Saturday, October 30, 2010
The Junior Officers Reading Club Killing Time and Fighting Wars by Patrick Hennessey.
Patrick Hennessey describes his infantry and officer training in Britain. Then he describes his tour of duty, first as an honor guard for Buckingham Palace, then his tours of duty in Iraq and Afghanistan. This is very much a story about being a soldier willing to fight in hard circumstances.
Mixed in with his descriptions of of every day soldiering are descriptions of his reading. One of the books he is reading in Iraq is The Marsh Arabs by Wilfred Thessiger. Another book is Allan Hollinghurst's The Line of Beauty which he reads in Afghanistan. He also writes about some of the films he watches in basic training like Band of Brothers, Gladiator, and Saving Private Ryan.
The writing is thoughtful, analytical, has a touch of black humor, and throws in some strong language. The strong language is appropriate for some of the muddy, dirty, sandy places in Iraq and Afghanistan. It also fits in the leave time where soldiers drink hard, read, and think.
The writing swtiches between thoughtful stretches and lulls between combat. The combat scenes are fast, people get killed, ambushed, blown apart by IEDs (Improvised Explosive Devices), and are wounded. The author is up front about his desire to get on the ground and destroy the enemy.
The description of the ANA (Afghan National Army) and the Iraqui guard are not very flattering, but the enemy taliban and Al Qaedar are described as being far worse. You get a sense from the book that the fighting in Afghanistan is much more intense than in Iraq. Also the descriptions of our allies in Afghanistan was quite eye opening. He does a good job of describing how different their thinking is than people in the west. The one thing which he does say that is intriguing is that the Afghanis don't want doctors and aid, they want teachers and learning. Patrick Hennessey also describes without hesitation how the taliban often use Chinese and Russian small arms and rpgs and are trained by Iranians.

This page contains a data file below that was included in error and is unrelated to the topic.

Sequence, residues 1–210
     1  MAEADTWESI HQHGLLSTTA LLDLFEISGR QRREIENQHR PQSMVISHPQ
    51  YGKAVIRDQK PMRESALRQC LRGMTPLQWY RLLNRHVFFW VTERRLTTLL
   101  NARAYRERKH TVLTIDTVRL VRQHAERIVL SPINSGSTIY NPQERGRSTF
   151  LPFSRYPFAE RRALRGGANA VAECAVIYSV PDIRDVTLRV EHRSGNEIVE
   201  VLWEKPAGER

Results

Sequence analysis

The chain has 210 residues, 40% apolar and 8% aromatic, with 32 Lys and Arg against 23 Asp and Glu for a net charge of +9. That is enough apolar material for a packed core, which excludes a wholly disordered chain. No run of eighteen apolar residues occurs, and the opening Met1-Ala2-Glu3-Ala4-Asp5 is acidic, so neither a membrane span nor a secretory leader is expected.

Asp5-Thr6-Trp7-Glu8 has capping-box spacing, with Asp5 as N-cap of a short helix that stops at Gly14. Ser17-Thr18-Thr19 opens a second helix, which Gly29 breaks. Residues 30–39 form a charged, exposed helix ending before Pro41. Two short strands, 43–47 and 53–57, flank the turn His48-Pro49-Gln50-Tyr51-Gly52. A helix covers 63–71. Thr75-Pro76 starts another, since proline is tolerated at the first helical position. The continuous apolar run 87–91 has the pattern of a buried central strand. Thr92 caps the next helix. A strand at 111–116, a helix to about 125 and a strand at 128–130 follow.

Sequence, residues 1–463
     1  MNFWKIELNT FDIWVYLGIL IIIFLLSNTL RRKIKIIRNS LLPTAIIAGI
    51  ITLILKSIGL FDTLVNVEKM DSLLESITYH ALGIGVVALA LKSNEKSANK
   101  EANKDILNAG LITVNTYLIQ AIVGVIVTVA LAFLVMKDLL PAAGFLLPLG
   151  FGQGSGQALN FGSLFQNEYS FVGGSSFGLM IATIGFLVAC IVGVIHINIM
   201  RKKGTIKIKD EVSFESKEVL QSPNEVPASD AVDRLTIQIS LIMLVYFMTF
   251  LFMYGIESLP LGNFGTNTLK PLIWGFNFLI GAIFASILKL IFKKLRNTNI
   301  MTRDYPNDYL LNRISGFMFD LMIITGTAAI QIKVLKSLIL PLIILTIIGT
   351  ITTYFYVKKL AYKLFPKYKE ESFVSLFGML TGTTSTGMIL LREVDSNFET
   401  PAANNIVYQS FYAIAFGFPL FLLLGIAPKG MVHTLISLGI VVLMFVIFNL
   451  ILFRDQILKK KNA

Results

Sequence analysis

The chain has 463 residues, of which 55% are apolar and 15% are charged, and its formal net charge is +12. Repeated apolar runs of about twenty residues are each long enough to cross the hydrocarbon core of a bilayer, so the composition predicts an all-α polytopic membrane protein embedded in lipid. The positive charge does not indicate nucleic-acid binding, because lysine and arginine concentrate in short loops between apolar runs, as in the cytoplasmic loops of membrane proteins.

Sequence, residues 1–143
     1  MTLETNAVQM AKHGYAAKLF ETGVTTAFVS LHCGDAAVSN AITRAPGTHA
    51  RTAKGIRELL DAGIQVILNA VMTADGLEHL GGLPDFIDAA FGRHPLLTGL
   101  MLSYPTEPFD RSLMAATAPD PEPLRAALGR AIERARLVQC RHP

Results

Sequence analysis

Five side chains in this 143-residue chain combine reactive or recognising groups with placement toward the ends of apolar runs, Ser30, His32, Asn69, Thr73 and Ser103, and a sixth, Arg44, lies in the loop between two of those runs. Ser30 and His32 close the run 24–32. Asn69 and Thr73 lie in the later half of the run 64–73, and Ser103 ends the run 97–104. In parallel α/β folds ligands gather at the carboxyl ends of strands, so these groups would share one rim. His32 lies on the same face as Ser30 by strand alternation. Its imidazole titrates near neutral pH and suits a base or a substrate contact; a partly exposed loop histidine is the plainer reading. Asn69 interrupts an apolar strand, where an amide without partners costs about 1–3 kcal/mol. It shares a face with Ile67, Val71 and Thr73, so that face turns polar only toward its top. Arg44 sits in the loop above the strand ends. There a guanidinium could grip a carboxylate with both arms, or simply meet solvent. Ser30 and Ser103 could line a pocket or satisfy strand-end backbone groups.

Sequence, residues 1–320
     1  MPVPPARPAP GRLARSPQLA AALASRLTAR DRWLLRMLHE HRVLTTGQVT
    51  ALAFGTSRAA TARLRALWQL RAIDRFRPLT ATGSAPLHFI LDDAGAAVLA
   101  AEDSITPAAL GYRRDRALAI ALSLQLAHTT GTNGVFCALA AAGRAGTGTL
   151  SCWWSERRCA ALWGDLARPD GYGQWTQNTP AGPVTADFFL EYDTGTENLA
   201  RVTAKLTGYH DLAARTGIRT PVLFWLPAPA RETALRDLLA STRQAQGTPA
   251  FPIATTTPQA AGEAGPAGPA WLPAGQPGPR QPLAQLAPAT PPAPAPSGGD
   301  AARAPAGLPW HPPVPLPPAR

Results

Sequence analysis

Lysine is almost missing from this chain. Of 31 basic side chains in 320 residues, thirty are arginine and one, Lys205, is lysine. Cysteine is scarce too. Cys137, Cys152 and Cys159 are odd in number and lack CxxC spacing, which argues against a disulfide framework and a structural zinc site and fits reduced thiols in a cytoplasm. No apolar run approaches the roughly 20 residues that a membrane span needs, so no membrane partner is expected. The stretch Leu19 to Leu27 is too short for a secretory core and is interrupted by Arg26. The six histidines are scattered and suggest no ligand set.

I like the ending where Patrick Hennessey is sent to the United States to train marines to fight the taliban. Patrick Hennessey was promoted in the field to become the youngest frontline captain the United Kingdom's army. This book is honest, well written, thoughtful, often uncomfortable, and bloody. It is a memoir.